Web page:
From the Markandeya Purana, 250 CE
Today, January 14th 2021, we celebrate the Hindu festival of Makar Sankranti, dedicated to Surya, the Sun god — the giver of all life on earth, ever traveling in his chariot, keeping a vigilant eye on the deeds of mortals and celestials alike.
Worship of the Sun is very ancient: since the dawn of civilisation, both human and animal life have been dependent on the creative and destructive powers of the Sun god. Spiritually, the Sun plays the symbolic role of the male, while Mother Earth is the female receiving the seed, nourishing and nurturing growth.
Legend says that Surya once wed Sanjana, the beautiful daughter of the Cosmic Architect Vishwakarma, and that they had three children: Manu, progenitor of Mankind; Yama, the god of Death; and Yami, goddess of the holy Yamuna river. But after some time, Sanjana could no longer bear the intense light and heat radiating from her fiery husband, which had sapped her energy and burned her skin to a dark, twilight colour.
She asked Chhaya, her shadow — who looked identical to her and was impervious to Surya’s fierce rays — to take her place her while she escaped, and to remain by Surya’s side until her return. She then assumed the form of a horse so as not to be discovered, and left to the forest to practice austerities in the hope of reducing her husband’s glare and heat. Chhaya did not disclose her identity and Surya never realised that Sanjana had left.
In the following years, several children were born to them, including the fearsome Shani — planet Saturn — who was born black as charcoal due to the Sun’s intense heat so close to Chhaya’s womb. When Shani was born and Surya saw his son’s colour, he turned away in disappointment. Angry at this, Shani cursed his father to also turn black, and immediately the sun was driven into an eclipse period.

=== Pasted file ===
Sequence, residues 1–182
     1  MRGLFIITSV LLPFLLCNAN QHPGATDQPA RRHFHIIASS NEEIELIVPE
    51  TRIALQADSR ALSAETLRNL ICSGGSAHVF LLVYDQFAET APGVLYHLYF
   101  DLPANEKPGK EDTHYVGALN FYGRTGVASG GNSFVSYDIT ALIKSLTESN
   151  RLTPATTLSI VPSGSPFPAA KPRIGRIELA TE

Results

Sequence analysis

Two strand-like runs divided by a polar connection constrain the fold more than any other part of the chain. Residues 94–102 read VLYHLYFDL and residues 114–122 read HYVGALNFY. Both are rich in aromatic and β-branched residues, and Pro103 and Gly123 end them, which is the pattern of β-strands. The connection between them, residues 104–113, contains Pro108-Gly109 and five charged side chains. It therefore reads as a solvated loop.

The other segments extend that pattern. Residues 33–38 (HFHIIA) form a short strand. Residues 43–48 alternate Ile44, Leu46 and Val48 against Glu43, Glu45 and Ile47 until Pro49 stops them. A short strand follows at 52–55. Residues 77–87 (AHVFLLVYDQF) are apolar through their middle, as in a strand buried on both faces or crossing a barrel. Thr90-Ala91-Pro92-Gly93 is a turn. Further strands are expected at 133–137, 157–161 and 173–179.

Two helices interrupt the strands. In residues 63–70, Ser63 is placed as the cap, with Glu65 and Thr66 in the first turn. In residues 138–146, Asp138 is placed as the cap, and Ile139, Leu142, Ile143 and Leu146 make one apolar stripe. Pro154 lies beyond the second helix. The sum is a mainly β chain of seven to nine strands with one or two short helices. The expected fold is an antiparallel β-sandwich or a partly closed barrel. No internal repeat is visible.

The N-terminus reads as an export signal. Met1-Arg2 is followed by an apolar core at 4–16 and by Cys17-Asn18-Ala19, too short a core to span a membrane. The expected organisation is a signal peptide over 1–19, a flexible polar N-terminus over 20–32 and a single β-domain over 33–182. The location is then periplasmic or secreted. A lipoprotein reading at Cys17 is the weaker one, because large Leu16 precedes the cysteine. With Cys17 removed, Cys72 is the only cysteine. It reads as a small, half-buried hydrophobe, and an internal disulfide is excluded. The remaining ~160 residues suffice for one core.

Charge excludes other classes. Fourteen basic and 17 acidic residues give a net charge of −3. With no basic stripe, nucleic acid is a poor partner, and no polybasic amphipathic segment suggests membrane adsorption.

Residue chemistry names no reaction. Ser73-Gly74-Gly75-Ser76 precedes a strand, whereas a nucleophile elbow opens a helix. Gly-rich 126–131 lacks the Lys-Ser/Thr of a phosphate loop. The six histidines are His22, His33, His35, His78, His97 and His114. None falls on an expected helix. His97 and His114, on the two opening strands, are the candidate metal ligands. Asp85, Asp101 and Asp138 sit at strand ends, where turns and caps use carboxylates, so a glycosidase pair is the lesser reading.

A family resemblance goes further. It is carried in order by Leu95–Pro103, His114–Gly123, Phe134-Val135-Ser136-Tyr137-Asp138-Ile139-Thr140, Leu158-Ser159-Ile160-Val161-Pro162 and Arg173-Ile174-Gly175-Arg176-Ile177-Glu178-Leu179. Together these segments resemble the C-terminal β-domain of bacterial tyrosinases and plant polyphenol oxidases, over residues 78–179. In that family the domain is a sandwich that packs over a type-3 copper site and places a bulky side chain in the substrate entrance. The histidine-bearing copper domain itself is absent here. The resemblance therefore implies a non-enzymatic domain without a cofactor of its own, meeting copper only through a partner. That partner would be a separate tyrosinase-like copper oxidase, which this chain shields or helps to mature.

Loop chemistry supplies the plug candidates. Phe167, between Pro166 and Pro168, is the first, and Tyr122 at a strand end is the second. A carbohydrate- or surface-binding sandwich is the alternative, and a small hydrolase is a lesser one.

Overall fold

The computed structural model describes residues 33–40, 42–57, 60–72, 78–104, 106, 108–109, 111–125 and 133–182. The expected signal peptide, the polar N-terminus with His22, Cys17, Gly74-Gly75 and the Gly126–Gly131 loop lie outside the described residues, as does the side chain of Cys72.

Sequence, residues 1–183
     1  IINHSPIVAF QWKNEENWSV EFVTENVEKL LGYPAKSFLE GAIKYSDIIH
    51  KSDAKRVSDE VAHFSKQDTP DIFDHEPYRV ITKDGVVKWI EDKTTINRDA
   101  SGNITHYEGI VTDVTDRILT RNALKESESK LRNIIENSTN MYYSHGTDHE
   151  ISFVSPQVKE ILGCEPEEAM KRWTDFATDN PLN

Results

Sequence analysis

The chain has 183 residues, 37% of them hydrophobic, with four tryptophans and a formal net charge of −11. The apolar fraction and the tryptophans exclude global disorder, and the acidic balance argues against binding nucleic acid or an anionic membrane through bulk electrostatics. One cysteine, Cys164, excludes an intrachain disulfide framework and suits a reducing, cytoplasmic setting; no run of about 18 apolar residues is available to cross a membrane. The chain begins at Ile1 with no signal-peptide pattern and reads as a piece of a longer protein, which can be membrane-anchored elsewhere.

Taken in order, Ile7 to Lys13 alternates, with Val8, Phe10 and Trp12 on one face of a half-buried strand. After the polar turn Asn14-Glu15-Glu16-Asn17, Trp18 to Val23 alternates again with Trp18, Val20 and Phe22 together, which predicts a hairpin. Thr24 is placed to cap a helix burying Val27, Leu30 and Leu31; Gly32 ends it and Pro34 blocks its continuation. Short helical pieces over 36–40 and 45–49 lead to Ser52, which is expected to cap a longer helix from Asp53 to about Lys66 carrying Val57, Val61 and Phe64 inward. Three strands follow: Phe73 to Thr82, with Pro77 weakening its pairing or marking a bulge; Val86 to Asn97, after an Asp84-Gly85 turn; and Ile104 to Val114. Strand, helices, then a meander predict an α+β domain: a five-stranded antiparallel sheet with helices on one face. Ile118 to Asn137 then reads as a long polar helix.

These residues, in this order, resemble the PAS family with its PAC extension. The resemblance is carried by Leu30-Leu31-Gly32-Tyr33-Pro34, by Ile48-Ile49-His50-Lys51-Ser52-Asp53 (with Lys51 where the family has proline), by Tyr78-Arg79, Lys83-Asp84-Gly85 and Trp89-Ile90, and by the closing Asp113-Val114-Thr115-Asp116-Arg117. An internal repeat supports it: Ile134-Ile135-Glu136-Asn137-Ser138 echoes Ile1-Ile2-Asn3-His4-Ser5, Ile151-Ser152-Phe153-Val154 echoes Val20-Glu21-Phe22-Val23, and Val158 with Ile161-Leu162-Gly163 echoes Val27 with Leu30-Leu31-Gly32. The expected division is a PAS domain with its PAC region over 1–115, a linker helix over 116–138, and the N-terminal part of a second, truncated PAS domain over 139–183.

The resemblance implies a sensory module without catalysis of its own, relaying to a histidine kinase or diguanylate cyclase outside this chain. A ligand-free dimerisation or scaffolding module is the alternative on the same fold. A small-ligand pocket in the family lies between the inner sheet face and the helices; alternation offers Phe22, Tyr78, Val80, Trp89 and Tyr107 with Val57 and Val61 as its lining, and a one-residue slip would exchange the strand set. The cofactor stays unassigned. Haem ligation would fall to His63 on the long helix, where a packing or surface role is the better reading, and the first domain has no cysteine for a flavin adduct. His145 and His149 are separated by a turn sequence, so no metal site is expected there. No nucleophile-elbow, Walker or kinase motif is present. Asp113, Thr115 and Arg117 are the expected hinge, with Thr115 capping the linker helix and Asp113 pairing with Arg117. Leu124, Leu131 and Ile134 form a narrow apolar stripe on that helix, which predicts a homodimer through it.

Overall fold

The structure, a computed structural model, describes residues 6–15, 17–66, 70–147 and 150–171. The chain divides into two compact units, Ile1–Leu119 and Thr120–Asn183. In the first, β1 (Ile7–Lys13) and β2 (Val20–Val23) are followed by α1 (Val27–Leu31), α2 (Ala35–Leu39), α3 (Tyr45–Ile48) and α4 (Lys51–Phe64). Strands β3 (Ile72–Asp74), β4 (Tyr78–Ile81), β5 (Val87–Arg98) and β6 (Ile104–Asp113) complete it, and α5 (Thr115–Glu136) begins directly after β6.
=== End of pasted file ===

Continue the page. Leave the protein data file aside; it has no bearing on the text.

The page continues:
Shani, god of Karma and Justice, is responsible for distributing rewards and punishments in response to people’s actions. He is as such greatly feared by many.
Chhaya loved her children so much that she neglected Sanjana’s children. A resentful Yama complained to his father that she was not behaving like a mother to Manu, Yami and himself. Surya confronted Chhaya with this and she confessed the truth: that she was only Sanjana’s shadow, and that Sanjana had left long ago.
Surya went in search of his wife, and eventually found her. As she had taken the form of a mare, he transformed into a stallion to seduce his wife once again. From their union were born the handsome Ashwini twins, gods of Health and Medicine.
Surya then assumed his own form again and Vishwakarma, Sanjana’s father, accepted to chip off an eighth of the Sun god’s brilliance, making it easier for his daughter to live with her husband. From these blazing fragments, the Cosmic Architect made various weapons for the gods, including Vishnu’s discus, Shiva’s trident and Karttikeya’s lance.
Surya and Sanjana then went back to their celestial abode and lived there in harmony with Chhaya and all their children.
This story illustrates how accepting all parts of oneself, including one’s shadow, helps us evolve. Metaphysically, the shadow is our unconscious projection of what we consider to be our flaws. We see the projection of others’ shadows, but our own conveniently falls behind us…
It takes a lot of courage to acknowledge our own darkness, and yet meeting and accepting it is to become whole. Its purpose is to provide opposition and tension that help develop inner resolve, determination, and clarity of mind. Sanjana does not ignore her shadow, but uses it to her own benefit: this is progression on the spiritual path, which ultimately culminates in self-realisation.
Surya, the Sun, is the Dispeller of Darkness who helps us in this task. The Gayatri mantra, found in the Rig Veda, is dedicated to him :
Om Bhur Bhuvah Svaha
Tat Savitur Varenyam
Bhargo Devaysa Dhimahi
Dhiyo Yo Nah Prachodayat
Om Shanti Shanti Shanti
Om, O Thou existence Absolute
Creator of the three dimensions
We contemplate upon thy divine light
Stimulate our intellect and bestow upon us true knowledge
Om Peace, Peace, Peace